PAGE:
A just and equal world? That’s a human right
Who would choose to live in dire poverty? To enter a life of crime just to survive? Marginalised individuals often have no other choice. Gross violations of people’s basic human rights lead to cycles of violence. Jessica Dewhurst confronted this reality when she started volunteering in high school. But the catalyst for her activism came when Dewhurst was attacked at the age of 18. Facing her assailants in court, she felt compassion instead of anger. As their stories unravelled, Dewhurst understood the conditions that drove people to such lengths. If she wanted to solve the most entrenched problems, she’d have to go to the root of them.
In 2013, Dewhurst founded The Justice Desk – a non-profit organisation that works across South Africa, Zimbabwe, and Zambia. Her goal is to uplift people through training and education, and in doing so enable them to protect their human rights. The projects Dewhurst has implemented range from assisting disabled and elderly people in Khayelitsha to teaching girls self-defence, mentoring young men on masculinity and consent, and reaching vulnerable youth through creative arts. “We believe that by empowering everyday people, they can create a just and equal world,” Dewhurst says.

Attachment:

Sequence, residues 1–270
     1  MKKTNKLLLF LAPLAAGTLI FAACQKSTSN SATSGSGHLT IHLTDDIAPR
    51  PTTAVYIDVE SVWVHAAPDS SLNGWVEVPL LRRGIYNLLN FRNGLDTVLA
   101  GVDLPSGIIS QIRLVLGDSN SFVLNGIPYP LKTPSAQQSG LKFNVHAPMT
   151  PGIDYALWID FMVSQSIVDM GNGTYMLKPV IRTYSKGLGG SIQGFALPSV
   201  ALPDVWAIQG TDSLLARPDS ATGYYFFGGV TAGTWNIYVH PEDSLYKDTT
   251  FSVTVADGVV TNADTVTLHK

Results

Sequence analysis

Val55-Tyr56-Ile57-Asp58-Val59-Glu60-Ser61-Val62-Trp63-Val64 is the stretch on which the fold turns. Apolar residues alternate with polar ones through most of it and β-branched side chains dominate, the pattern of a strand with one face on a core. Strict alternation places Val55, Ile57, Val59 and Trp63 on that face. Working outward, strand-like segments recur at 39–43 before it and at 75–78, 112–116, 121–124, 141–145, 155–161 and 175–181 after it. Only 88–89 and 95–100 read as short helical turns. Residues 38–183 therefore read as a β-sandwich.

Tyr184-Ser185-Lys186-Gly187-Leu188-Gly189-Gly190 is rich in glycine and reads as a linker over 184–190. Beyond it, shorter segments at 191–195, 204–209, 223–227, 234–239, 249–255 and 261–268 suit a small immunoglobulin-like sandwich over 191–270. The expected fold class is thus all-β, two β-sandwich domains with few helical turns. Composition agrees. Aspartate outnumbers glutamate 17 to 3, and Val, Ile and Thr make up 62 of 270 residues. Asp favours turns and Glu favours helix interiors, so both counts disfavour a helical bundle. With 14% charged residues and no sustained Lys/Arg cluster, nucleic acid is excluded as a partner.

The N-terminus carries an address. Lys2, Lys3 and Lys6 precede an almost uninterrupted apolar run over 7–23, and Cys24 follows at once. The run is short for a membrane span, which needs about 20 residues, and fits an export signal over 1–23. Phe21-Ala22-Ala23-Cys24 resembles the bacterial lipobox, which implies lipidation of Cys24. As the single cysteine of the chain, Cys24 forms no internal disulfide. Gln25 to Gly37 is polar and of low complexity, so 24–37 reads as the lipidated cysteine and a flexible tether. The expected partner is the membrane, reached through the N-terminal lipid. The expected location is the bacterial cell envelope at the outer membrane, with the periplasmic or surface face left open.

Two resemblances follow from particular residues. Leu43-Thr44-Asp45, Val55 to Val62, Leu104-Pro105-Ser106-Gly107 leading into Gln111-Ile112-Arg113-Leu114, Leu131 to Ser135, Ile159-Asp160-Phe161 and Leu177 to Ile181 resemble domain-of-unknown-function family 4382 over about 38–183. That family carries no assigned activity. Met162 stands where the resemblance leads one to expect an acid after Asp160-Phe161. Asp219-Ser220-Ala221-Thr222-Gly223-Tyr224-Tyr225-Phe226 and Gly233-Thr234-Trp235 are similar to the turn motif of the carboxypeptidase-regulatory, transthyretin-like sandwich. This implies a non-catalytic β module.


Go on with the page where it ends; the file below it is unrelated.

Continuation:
While running an initiative of this scope, Dewhurst also earned a master’s degree in Social Development. Her team has since improved the lives of over 100 000 people. Every person they reach now has the ability to lead their own change. To address the most prevalent and devastating problems in society, Dewhurst is dismantling the systems of injustice that sustain them. “Tomorrow is going to be better if we work hard enough for it,” she says.